Craig Breslow’s Playoff Blog: Preparing to face Miguel Cabrera, Prince Fielder and Victor Martinez
|10.11.13 at 7:03 pm ET|
Red Sox left-hander Craig Breslow will contribute regularly to this blog throughout his team’s postseason run. In addition to his work on the mound, the eight-year big leaguer is also the founder and executive director of the Strike 3 Foundation, a charitable agency that heightens awareness, mobilizes support, and raises funding for childhood cancer research. To learn more about the Strike 3 Foundation, and its new Play It Forward program, click here.
At some point in this series against a very deep, very talented Tigers team, there’s a good chance that the bullpen phone will ring and I’ll be asked to prepare to face Miguel Cabrera, Prince Fielder and Victor Martinez. Obviously, they’re all great hitters. We all know what they’re capable of doing. But everyone’s mentality has got to be that if you execute pitches and stick to your strengths, you can be successful. Anyone who would take the approach of being fearful of making a mistake or worried about what Cabrera or Fielder are trying to do is kind of handicapping themselves. For as long as baseball has been played, people have talked about how good pitching gets good hitting out. Executing pitches will be the key to winning this series.
By the same token, teams don’t get to this part of the season without being dangerous, without being capable of putting runs on the board. Whether it’s a guy who won a Triple Crown or it’s a guy who’s hitting lower in the order, I feel like you’ll get hurt if you don’t make pitches. If you execute pitches, you’ve got a chance to be successful.
I’ve enjoyed a measure of success against all three of those hitters in the past. But I don’t take that for granted, and I don’t think it is easily repeated — especially with someone like Cabrera.
You go into every advance scouting meeting hoping that someone says, “This is the way you pitch Player X.” You say, “OK, if I throw fastballs down and away, I should be successful.” That’s not the case with him. You face those at-bats with the way he’s been pitched in the past, how you’ve pitched him in the past, the way he’s seeing the ball, the park you’re in. All of those become factors because there is no one blanket notion that “this is the approach you need to take.”
Most of the guys on our staff do a good job of not falling into patterns and being able to move pitches. You think of a guy like Clay Buchholz — you may have three at-bats and not see the same pitch twice, given his extensive repertoire. That falls into how you approach Cabrera. He’s the kind of hitter where, if you make a good pitch, you want him to put the ball in play, because you realize that you have to do it again or there’s the chance that he does damage.
Facing Prince Fielder is a particularly interesting exercise given that I got to see him at the very start of his career. We were teammates in 2002 with the Ogden Raptors (a short-season, Rookie level affiliate) just after getting drafted. The Brewers took Prince that year with the No. 7 overall pick, and, 762 picks later, they found me sitting on the board in the 26th round.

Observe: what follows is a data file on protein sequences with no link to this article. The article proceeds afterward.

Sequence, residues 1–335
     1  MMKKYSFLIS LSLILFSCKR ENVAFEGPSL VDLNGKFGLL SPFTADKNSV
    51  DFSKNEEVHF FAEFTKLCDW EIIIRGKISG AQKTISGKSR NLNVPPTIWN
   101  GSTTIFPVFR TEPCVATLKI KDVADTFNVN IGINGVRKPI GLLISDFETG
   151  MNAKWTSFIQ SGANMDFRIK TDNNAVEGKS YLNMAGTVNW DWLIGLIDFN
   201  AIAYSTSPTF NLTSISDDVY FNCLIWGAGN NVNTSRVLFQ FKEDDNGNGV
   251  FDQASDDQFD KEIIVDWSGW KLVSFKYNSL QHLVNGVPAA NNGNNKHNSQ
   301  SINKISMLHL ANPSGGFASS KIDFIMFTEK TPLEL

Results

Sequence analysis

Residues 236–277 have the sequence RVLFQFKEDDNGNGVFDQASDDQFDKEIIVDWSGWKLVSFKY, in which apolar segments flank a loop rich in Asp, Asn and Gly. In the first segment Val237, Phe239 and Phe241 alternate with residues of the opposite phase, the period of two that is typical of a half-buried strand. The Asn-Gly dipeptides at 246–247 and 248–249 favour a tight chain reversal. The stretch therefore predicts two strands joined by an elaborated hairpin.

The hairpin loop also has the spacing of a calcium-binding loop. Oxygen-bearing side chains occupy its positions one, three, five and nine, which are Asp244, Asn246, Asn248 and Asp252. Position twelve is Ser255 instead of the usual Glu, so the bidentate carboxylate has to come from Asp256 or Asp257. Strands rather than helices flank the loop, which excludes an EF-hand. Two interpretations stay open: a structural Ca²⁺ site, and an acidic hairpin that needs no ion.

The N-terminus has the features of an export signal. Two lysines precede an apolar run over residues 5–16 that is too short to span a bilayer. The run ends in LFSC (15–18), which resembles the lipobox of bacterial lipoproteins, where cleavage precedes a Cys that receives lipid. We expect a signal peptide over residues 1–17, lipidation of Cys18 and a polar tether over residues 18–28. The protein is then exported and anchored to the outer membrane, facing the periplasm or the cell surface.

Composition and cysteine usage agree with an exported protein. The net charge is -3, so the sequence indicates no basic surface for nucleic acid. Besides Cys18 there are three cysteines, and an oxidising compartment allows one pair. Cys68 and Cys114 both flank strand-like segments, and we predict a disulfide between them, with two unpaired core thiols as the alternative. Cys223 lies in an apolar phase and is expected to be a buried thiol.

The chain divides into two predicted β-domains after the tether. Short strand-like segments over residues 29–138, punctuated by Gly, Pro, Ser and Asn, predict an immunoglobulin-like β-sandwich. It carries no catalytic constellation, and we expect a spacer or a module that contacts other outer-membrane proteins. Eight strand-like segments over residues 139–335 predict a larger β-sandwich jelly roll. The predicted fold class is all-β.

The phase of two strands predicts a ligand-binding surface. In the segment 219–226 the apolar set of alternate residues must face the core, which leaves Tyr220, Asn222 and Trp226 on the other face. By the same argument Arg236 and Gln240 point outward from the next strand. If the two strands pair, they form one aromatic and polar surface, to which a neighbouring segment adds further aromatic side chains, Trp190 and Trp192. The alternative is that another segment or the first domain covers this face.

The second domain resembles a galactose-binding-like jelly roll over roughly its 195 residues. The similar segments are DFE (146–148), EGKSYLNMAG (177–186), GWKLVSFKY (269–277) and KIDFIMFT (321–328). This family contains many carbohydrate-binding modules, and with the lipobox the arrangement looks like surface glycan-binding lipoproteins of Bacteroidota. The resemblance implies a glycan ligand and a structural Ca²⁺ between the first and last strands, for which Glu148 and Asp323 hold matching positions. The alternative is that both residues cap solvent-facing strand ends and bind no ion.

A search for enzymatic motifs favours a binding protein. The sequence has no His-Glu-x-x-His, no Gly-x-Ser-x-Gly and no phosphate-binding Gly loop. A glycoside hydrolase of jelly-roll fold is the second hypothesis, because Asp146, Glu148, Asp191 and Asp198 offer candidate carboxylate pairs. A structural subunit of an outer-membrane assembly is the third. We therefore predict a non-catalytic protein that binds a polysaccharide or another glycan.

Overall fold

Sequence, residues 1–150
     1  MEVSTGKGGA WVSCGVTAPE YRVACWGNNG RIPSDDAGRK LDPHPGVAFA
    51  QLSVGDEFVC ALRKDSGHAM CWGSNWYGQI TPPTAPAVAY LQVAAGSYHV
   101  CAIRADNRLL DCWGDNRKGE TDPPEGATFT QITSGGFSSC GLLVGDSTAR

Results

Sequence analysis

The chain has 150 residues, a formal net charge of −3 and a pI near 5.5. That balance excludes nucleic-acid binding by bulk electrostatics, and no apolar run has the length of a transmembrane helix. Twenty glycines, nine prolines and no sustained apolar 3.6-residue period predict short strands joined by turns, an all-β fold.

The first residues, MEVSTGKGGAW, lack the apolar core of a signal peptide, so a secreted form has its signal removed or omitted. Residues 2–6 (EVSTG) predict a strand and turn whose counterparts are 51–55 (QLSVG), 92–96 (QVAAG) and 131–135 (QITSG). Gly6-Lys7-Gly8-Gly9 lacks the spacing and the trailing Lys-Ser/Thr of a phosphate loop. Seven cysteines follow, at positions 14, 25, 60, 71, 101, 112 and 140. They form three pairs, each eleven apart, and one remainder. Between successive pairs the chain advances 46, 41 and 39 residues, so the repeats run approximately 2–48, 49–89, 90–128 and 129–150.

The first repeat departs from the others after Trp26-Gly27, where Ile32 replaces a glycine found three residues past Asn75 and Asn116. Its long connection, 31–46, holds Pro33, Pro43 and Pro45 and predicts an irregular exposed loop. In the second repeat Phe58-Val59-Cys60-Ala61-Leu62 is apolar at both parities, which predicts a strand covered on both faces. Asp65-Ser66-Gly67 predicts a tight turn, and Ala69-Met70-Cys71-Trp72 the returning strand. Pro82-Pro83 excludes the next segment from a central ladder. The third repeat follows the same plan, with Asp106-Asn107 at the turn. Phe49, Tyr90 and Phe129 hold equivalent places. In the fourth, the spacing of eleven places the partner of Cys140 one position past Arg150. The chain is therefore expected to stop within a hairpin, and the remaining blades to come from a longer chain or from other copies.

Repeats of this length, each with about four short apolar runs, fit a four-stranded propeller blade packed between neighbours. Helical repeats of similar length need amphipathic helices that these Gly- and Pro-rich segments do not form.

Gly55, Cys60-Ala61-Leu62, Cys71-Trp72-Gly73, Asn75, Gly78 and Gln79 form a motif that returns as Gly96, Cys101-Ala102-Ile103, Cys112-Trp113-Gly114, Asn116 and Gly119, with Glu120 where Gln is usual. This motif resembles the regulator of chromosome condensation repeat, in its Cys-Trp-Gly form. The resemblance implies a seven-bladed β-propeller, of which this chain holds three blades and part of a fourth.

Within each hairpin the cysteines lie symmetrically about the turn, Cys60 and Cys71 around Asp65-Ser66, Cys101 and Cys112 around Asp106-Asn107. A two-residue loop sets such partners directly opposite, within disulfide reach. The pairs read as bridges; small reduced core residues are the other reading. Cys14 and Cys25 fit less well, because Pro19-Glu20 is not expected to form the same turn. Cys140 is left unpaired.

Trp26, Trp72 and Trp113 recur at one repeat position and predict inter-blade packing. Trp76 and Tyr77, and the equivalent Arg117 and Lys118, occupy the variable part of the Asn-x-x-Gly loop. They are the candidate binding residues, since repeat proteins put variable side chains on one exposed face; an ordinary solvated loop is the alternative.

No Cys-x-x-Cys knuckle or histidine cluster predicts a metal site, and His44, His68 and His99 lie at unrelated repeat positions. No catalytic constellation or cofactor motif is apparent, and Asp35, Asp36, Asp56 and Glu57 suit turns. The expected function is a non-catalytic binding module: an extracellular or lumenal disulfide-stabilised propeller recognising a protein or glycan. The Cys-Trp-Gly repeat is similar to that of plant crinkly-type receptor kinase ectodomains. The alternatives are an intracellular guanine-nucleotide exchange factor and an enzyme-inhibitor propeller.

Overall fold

Prince was really, really good. I remember when he got drafted and we played together in Ogden in 2002, I had read some comments from our farm director or GM where they felt like it was important for Prince coming out of high school to play a full season of short-season ball. They didn’t anticipate him moving levels.
I want to say he hit a a come-from-behind grand slam the first game he joined us. By the end of July, he was hitting .390 with a .531 OBP, .678 slugging percentage and 10 homers in 41 games. Nobody was pitching to him anymore. The Brewers had no choice but to move him up because that was the only way he would be able to swing the bat.
I remember Prince telling a story about when he was like 10 or 11 and playing Little League. After the first game, probably after going 4-for-4 with four home runs, he was not going to be playing Little League anymore. He was going to be playing whatever the next level was. It was kind of the same as, “You’re going to play Short-Season A-ball all year,” until it’s mid-July and nobody’s pitching to you anymore, and he had to be moved up to full-season Single-A just to see competition. He was that good in Little League, and he was that good as an 18-year-old against professional. And he is very good now — as are, obviously, Cabrera, Martinez and the rest of a Tigers lineup that ranked with virtually any in the game.
You live for these kinds of competitions, these kinds of situations, these kinds of games, where the game is on the line and you’re hoping to be at your best and you’re facing the other team’s best lineup, the heart of their order. Just the way that we want the middle of our lineup to face their best pitching, I’m sure they look at it the same way. To be able to beat those guys, I wouldn’t necessarily say it would be a sweeter accomplishment because obviously winning is winning, but to be able to do it against that part of the order, at some point I would maybe reflect on it and say that it was pretty special to do so.
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